Живот„Sycamore trees“, John Green

„I’m in an airport, when suddenly I feel the chill in the air.
What’s even the point?
I’m about to fly to Milwaukee on a Tuesday afternoon, about to herd with other moderately intelligent apes into a tube that will spew a truly astonishing amount of carbon dioxide into the atmosphere, in order to transport us from one population center to a different one. There’s no point to the human endeavor in the largest sense. We will leave no permanent legacy in this impermanent universe. And our central lasting contribution to Earth will be that we were the first species to grow powerful enough to muck up the planet.
When my mind starts playing „What’s Even The Point“, I can’t find a point to making art, which is just using the finite resources of our planet to decorate. And I can’t find a point to planting gardens, which is just inefficiently creating food that will sustain our useless vessels for a little while longer. And I can’t find a point to falling in love, which is just a desperate attempt to stave off the loneliness that you can never really solve for, because you are always alone in what Robert Penn Warren called, “the darkness, which is you.” Except, it’s not really a darkness. It’s much more worse than that.
Sitting in this airport, I’m disgusted by my excesses, my failures, my pathetic attempts to forge some meaning or hope from the materials of this meaningless world. I’ve been tricking myself, thinking there was some reason for all of it, thinking that consciousness was a miracle when it’s really a burden, thinking that to be alive was wondrous when it’s really a terror.
The thing about this game is that once my brain starts playing it, I can’t figure out a way to get it to stop. Any defense I try to mount is destroyed instantaneously. It feels like the only way to survive life is to cultivate an ironic detachment from it. Hope feels so flimsy and naive—especially in the face of the endless outrages and horrors of human life. What kind of mouth-breathing jackass looks at the state of human experience and responds with anything other than nihilistic despair?
But of course the problem with despair is that it isn’t very productive. Like a replicating virus, all despair makes is more of itself. If playing „What’s Even the Point“ made me a more committed advocate for justice or environmental protection, I’d be all for it. But the white light of despair instead renders me inert and apathetic. I struggle to do anything. I often can’t find a reason to get out of bed in the morning. Philosophical questions—what’s the point of being alive, what should we seek from life, how can we know what we know, how and where should we seek meaning—are often dismissed as pointless. (What’s the difference between a philosophy degree and a pepperoni pizza? The pepperoni pizza can feed a family of four). Regardless, I think those questions are genuinely important, because I need to be able to survive my mind playing „What’s Even the Point“. I don’t want to give it to despair; I don’t want to take refuge in detached ridicule of unironized emotion. I don’t want to be cool, if cool means being cold to or distant from the reality of experience. I want to feel what there is to feel while I am here. Now always feels infinite and never is.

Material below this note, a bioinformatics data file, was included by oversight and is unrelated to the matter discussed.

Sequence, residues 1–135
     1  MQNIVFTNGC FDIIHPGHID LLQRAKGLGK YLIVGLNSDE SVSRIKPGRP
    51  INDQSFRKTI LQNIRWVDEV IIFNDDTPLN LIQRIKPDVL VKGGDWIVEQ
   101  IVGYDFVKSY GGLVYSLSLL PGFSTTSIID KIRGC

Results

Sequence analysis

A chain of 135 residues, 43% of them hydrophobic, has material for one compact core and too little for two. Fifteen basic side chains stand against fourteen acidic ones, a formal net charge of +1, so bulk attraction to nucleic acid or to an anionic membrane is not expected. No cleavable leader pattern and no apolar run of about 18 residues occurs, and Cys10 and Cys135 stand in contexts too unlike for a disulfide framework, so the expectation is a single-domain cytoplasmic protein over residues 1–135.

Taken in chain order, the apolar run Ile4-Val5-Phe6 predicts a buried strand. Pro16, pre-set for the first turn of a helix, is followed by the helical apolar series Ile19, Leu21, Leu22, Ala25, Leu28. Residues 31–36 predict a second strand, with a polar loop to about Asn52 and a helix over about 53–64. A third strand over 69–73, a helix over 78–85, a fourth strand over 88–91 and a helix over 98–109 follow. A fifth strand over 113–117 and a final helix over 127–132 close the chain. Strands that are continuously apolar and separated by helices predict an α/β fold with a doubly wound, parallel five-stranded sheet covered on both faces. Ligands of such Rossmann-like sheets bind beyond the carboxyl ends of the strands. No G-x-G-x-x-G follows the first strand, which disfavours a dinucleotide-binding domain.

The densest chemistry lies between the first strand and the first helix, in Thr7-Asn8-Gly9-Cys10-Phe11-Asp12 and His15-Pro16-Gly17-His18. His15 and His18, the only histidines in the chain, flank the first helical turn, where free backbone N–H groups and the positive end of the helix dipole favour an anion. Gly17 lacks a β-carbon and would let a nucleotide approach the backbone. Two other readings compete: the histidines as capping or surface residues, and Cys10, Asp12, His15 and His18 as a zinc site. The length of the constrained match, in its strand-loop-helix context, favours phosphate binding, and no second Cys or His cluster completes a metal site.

You keep going. You go to therapy. You meditate, even though you dislike meditation. You exercise. You wait. Your mind keeps playing „What’s Even the Point“, and you keep refusing to give in to it—battling it with philosophy, and self-help books, and religion, and whatever else works.
And then one day…
the air is a bit warmer
and the sky is not so blindingly bright.
It’s overcast, and you’re walking through a forested park with your children. Your nine-year-old points out two squirrels racing up an immense Sycamore tree, its white bark peeling in patches, its leaves bigger than dinner plates. You think „My God, that’s a beautiful tree. It must be a hundred years old, maybe more.“ Later, you’ll go home and read up on sycamores and learn that there are sycamore trees alive today that date back more than three hundred years, trees that are older than your nation. But for now you’re just looking up at that tree, thinking about how it turned dirt and water and sunshine into wood and bark and leaves. How it turned nothing… into a place where squirrels play.
And you realize you are in the vast dark shade of this giant tree,
and that’s the point.“